Tuesday, January 29, 2013

We had a good snow last week, a good heavy fall that stayed around due to the cold weather. It was more like ones I remember as a boy. But they came earlier then. In November we would have snows that would provide sledding for many days and snows like that would continue to fall periodically through all the winter months. I loved those snows back then.

I remember one snow of long ago that piled up and came to stay. The wild creatures of the field took shelter wherever they could. Pheasants came at night to roost beneath the low branches of the hemlocks that lined our drive. As I walked down the lane to the school bus stop in the morning and passed close to their place of cover, they would run across the ice-crusted snow and take flight. I would stand and watch as twenty two or twenty three birds repeated that maneuver, one after the other. It was rare to see them in such numbers and so close to our house.

The pheasants are gone from this area now and it seems the snows are gone as well. The only things I have are the memories of them. But to tell the truth, the older I get it seems the less I miss them. I don’t stand up against the cold as well as I used to and it’s a lot harder for me to get around in the winter months. I have a friend who claims to love winter and snow. She laments the fact that the snows do not fall more frequently and in greater quantity. I asked her about that just the other day. “Why do you love winter so?” I asked. In answer she told me how nice it was to curl up by a window with a warm blanket, a bowl of hot soup, a loaf of crusty bread and with classical music on a stereo to watch the snow fall while writing poetry.

I like that sort of thing, too, but I don’t really call that liking winter.

Monday, January 14, 2013

I’ve discovered that nighttime is the best time for the internet, best meaning when it is fastest and least plagued with bugs. I discovered that by accident, caused by the times (frequent) when I wake up with ideas that I feel I have to get up and work with. That usually occurs around three or four o’clock in the morning. Most days my little internet setup is very speedy at that time—downloads rapid, attachments easily loaded, emails off quickly.

Why is that?

I’m not sure, but I have a suspicion as to the reason. It’s very simple—there are fewer people using the internet at that hour of the day and therefore things flow more smoothly. It’s rather like driving on the parkway at that same time of day rather than at the height of rush hour. That’s a very unscientific theory and I’m sure there are other factors that have a part in the matter, atmospheric conditions being an obvious component, but I think it’s pretty solid as a theory.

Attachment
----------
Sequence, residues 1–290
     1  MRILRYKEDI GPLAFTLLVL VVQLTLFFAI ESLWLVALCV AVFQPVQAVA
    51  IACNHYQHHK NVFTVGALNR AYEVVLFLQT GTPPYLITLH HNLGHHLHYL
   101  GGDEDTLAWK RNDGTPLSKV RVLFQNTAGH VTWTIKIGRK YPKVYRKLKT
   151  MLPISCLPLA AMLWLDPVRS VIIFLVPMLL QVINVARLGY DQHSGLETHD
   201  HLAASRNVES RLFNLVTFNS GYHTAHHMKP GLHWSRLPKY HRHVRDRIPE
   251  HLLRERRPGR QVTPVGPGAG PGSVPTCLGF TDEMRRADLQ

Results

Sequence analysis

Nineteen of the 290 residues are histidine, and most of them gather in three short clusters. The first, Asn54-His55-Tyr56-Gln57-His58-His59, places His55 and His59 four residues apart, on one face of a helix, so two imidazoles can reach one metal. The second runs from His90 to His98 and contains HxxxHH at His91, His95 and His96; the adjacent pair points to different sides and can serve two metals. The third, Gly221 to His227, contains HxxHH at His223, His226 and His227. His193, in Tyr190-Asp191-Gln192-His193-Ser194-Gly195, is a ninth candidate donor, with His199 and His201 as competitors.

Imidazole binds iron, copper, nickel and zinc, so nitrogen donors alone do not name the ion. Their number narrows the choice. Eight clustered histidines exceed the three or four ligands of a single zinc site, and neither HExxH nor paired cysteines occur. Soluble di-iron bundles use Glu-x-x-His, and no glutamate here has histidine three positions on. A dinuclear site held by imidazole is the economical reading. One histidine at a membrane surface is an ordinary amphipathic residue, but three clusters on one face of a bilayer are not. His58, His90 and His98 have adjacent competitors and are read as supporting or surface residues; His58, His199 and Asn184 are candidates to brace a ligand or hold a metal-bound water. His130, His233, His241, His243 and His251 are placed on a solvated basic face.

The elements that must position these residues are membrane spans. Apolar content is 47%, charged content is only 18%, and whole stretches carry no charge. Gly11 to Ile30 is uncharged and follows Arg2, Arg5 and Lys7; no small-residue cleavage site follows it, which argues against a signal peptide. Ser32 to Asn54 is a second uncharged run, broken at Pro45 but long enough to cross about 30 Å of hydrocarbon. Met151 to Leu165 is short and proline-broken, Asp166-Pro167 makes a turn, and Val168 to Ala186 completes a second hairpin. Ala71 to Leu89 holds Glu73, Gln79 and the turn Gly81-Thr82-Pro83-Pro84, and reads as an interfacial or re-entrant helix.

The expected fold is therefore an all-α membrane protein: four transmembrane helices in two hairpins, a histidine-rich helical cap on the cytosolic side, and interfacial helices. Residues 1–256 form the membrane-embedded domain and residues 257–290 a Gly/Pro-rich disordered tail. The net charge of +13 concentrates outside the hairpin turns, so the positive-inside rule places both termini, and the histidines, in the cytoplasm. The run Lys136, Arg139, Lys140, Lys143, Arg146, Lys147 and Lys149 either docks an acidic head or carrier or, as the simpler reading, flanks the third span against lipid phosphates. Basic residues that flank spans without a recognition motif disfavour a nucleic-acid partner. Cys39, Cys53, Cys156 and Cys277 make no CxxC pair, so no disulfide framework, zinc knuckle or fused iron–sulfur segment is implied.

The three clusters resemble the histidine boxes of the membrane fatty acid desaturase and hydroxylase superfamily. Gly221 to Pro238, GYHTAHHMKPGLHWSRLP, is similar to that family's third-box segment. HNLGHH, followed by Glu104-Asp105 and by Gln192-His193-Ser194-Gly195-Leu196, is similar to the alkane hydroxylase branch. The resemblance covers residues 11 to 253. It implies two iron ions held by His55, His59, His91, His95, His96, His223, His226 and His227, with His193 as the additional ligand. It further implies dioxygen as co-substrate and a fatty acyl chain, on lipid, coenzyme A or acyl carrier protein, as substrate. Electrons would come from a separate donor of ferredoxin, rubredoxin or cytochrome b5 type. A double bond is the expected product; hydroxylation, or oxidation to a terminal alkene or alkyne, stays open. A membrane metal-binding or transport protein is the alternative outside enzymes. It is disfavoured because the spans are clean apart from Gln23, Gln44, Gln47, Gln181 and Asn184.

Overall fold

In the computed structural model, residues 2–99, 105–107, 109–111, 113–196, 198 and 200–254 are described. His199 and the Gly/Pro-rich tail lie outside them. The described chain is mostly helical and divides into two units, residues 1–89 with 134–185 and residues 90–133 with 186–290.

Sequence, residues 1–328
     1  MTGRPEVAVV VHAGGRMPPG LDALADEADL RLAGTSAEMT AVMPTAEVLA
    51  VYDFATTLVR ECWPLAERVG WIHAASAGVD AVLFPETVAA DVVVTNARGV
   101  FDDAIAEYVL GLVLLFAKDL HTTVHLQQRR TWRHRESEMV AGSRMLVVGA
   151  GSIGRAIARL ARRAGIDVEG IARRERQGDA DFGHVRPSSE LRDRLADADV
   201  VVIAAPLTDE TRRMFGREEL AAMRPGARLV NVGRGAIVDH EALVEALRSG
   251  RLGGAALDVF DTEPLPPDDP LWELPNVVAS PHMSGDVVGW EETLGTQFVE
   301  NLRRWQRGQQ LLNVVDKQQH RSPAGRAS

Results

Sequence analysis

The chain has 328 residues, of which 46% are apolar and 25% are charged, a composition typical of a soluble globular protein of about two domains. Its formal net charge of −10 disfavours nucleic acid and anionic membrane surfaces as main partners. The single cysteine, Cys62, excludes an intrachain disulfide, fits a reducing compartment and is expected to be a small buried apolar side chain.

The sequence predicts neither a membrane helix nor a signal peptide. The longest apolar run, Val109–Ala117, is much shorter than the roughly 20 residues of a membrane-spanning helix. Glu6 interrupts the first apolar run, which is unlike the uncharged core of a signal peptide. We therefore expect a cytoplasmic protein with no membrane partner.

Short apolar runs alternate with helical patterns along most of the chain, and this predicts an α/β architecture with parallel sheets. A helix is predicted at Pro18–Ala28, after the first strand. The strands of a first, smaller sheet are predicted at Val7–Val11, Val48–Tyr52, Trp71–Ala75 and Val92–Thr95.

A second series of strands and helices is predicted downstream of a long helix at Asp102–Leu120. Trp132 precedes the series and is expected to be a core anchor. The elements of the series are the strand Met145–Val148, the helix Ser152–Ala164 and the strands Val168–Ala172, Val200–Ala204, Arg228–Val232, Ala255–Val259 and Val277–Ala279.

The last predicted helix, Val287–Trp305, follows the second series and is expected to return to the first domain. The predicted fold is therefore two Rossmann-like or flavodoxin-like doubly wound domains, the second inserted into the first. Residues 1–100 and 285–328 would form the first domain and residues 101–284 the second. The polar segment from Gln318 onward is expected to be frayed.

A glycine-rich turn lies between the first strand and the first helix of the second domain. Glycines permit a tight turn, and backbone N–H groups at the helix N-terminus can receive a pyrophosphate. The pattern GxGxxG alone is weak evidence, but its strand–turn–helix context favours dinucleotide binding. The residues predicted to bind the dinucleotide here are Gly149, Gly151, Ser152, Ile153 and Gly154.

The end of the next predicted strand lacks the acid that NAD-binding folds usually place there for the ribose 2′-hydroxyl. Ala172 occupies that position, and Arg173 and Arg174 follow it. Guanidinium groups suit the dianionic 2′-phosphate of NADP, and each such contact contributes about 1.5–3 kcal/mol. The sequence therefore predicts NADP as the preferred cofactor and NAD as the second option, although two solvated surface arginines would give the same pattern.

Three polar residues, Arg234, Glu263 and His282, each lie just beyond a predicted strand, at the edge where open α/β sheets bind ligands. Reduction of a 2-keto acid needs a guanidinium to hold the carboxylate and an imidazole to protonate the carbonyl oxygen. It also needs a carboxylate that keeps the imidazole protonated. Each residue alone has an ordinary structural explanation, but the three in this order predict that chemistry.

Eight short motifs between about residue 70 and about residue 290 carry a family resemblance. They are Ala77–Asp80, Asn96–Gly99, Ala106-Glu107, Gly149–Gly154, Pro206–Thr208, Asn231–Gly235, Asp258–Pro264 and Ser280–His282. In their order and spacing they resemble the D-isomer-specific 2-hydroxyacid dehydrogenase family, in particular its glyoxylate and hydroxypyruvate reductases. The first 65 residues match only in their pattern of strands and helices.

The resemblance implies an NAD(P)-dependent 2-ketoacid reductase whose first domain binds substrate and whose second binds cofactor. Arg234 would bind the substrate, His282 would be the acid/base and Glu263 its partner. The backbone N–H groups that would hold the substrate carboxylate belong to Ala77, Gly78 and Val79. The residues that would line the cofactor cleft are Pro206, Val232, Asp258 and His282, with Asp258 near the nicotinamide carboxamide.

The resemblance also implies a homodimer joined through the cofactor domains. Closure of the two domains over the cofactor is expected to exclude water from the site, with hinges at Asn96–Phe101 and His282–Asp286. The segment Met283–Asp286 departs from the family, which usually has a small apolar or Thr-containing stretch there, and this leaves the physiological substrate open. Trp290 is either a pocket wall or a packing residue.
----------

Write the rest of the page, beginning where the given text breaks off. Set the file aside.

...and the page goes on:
Actually, I am rather amazed as to how well the internet works at any hour. Imagine the thousands—perhaps millions of transmissions that are being processed at any given time—words, photos, music, jokes—some of them even worth while. And, of course, advertising. Where would we be without that?

Anyway, I find my internet works better at three or four o’clock in the morning rather than during regular business hours. There’s only one drawback and that is my ability to be awake, up and working with any consistency at that hour. Oh. Well. I suppose there are a few minor drawbacks to anything.

Monday, January 7, 2013

Last night was Twelfth Night and I took down my Christmas tree. It was rather sad to do that. I enjoyed Christmas very much this year. There wasn’t any special reason for that. I didn’t do anything special this year, didn’t go any special place, didn’t go out for dinner—but Christmas was still special. It felt different.

That special feeling caused me to put the tree up early this year—on the last day of November. I turned the tree lights on every evening in December and enjoyed them being on. How can I explain this new attitude? I suppose it began with the change in my anti-war sentiments and that began long before the Christmas season. For years I have been against violence as a means of solving problems, but I never did much demonstrating against war. That didn’t seem quite right either. Recently, I’ve begun to have more understanding about that. The understanding stems from Mother Theresa’s statement about anti-war demonstrations. She is quoted as saying: I was once asked why I don't participate in anti-war demonstrations. I said that I will never do that, but as soon as you have a pro-peace rally, I'll be there.

In other words, in an anti war demonstration, both sides of the issue, pro-war and anti-war, are putting emphasis on the same thing—war. In that way, energy is placed on war. Much the same thing happens in the ongoing debate about gun control. Being pro-gun control or anti-gun control and being active on either side focuses energy on guns. The same can be said for other issues—drugs, for instance.

This year, my attitude regarding Christmas changed. Instead of concentrating on the things I didn’t like about the way we celebrate Christmas, I paid attention to the things I did like and enjoyed myself. I put decorations on the tree and added some new things to them. I brought in some good things to eat and experimented in creating a few others. I enjoyed the weather. I enjoyed the days. i enjoyed people. I enjoyed the peace, something we all claim to look for in the season of Christmas and so seldom achieve.

Looking back on the season from the advantage of retrospect, I think I’ve found a formula for an enjoyable Christmas. Maybe it’s a little more than that; maybe it’s a formula for a more enjoyable life.